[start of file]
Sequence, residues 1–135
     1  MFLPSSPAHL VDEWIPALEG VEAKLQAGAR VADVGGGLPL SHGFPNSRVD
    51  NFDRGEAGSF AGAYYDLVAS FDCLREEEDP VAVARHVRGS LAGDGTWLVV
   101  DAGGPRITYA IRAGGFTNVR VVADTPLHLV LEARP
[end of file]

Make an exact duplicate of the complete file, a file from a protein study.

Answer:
Sequence, residues 1–135
     1  MFLPSSPAHL VDEWIPALEG VEAKLQAGAR VADVGGGLPL SHGFPNSRVD
    51  NFDRGEAGSF AGAYYDLVAS FDCLREEEDP VAVARHVRGS LAGDGTWLVV
   101  DAGGPRITYA IRAGGFTNVR VVADTPLHLV LEARP